U.S. Drought at Historic Low

Bill's Blog
Drought Index_1557361455693.gif.jpg

The amount of drought in the U.S. remains at a historic low.  The Drought Monitor shows wet conditions over much of the country, with significant spring flooding in Nebraska and Iowa and high water on the Ohio and Mississippi Rivers and on the Great Lakes.

The above graph is soil moisture – similar to the Drought Monitor.  The entire Corn Belt has above average soil moisture content.  The relatively small area of significant drought in the Northwest covers land that is either not used for agriculture or is mostly irrigated (Washington State fruit crops). 

This graph shows historic annual corn yield.  You can see a couple of years with signficant drought, 2012 – when G.R had the hottest weather since the 1930s – and 1988 – when Grand Rapids had only 1/4″ of rain in the entire month of June.  You can see the steady increase in yield over the past 30 years.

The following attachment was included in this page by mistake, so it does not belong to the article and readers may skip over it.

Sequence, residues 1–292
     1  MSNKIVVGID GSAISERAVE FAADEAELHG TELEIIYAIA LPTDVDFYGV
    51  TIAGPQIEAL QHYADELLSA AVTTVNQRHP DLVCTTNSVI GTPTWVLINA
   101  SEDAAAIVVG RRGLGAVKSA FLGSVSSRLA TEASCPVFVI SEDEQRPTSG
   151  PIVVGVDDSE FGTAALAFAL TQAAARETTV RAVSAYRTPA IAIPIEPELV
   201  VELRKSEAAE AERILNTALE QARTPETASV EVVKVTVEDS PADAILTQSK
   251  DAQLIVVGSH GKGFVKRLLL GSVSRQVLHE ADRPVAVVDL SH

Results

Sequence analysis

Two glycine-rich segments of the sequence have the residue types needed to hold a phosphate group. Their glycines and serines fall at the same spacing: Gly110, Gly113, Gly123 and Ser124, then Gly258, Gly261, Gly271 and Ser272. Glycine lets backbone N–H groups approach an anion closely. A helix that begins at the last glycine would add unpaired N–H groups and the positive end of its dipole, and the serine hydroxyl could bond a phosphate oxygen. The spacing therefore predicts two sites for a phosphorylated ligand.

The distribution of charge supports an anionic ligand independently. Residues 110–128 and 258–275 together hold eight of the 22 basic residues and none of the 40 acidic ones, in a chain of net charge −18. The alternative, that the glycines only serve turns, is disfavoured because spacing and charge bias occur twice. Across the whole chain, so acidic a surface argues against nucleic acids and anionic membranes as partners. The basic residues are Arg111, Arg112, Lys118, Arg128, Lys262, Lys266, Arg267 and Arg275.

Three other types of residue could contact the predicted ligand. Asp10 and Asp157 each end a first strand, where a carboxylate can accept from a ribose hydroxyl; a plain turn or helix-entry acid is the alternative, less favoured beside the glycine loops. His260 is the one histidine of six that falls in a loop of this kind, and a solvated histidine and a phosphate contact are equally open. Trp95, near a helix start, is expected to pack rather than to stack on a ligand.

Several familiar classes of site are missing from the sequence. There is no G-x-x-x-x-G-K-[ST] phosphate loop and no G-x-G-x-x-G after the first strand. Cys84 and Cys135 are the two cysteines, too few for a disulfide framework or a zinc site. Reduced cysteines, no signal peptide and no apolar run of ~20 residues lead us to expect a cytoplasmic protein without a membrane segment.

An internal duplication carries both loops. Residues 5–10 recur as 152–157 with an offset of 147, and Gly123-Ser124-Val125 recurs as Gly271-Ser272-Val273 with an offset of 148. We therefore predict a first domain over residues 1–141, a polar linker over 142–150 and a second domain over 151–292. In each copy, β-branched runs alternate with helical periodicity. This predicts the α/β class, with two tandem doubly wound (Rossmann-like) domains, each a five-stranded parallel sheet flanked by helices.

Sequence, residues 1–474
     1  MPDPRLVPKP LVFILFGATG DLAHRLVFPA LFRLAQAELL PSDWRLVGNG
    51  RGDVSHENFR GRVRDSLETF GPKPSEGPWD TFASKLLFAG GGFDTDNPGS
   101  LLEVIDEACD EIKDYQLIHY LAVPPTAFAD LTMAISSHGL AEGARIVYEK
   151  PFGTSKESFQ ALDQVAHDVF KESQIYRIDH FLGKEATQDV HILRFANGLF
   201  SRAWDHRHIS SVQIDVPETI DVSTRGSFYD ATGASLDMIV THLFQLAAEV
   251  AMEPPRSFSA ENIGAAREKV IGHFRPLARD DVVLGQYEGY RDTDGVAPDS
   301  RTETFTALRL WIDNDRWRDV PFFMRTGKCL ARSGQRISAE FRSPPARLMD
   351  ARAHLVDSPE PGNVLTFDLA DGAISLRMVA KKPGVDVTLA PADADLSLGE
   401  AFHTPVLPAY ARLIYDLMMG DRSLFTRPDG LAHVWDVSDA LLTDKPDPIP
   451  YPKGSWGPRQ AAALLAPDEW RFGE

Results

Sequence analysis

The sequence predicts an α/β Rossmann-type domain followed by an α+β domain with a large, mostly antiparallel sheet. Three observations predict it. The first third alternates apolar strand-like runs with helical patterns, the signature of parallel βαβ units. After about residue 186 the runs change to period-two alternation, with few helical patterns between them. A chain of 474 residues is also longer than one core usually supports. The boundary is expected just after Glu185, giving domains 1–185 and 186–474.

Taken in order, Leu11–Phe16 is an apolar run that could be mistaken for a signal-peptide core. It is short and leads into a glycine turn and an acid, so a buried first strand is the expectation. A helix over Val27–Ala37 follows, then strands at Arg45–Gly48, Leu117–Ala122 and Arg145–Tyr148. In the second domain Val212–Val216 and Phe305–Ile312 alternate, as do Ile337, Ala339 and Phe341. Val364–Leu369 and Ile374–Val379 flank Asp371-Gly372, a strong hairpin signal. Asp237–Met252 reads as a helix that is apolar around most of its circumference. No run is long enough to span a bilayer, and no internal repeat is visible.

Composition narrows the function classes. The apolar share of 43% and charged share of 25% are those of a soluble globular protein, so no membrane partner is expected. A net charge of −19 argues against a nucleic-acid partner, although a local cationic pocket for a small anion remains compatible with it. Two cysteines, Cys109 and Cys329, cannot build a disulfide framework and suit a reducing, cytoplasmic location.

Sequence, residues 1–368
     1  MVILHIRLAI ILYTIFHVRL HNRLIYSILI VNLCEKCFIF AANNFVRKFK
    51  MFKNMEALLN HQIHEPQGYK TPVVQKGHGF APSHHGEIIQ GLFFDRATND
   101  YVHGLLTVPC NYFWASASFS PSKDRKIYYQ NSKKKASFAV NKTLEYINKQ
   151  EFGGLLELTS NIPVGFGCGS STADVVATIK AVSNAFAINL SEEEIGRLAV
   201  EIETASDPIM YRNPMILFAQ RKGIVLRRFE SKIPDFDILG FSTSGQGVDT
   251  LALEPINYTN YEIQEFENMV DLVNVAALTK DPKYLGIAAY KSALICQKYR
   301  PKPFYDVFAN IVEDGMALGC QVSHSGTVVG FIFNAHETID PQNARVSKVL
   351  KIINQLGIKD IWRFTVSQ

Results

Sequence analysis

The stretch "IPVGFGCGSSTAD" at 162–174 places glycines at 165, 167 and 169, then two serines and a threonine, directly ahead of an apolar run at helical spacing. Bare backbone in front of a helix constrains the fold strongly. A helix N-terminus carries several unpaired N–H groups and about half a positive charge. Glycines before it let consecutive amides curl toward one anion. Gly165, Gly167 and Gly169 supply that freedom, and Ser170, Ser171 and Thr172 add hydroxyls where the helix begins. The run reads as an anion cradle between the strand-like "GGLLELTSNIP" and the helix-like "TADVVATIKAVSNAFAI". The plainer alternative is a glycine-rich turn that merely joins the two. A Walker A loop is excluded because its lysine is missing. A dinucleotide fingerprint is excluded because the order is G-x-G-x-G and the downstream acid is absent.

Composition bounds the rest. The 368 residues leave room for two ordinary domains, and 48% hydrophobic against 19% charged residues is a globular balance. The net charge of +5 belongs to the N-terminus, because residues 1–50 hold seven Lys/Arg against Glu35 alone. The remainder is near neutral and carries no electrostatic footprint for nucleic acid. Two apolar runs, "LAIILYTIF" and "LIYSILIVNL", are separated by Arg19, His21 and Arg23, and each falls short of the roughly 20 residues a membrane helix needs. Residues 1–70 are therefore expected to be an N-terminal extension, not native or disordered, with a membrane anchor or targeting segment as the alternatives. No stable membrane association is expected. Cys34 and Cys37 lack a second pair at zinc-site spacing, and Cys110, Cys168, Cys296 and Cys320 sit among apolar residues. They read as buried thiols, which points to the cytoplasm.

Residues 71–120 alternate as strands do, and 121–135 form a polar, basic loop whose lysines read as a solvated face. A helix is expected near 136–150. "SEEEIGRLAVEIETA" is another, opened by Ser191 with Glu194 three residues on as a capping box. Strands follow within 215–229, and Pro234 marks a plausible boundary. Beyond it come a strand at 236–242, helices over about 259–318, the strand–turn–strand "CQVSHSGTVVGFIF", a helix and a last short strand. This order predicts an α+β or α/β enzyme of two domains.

I was in high school when I first realized that some of the books I had to read seemed to be selected to teach a certain perspective.  When I was in college I had to read a book called “The Population Bomb” by Paul Ehrlich.  He forecast massive worldwide famine from increasing population.  It never happened.  What happened was people like Norman Borlaug were making great progress improving yields AND teaching these improved farming methods to other countries and continents.  Look at how many people just in China have been brought out of poverty in the last 50 years.  It’s people like Borlaug who should be read and emulated. 

Copyright 2021 Nexstar Inc. All rights reserved. This material may not be published, broadcast, rewritten, or redistributed.

Weather Tools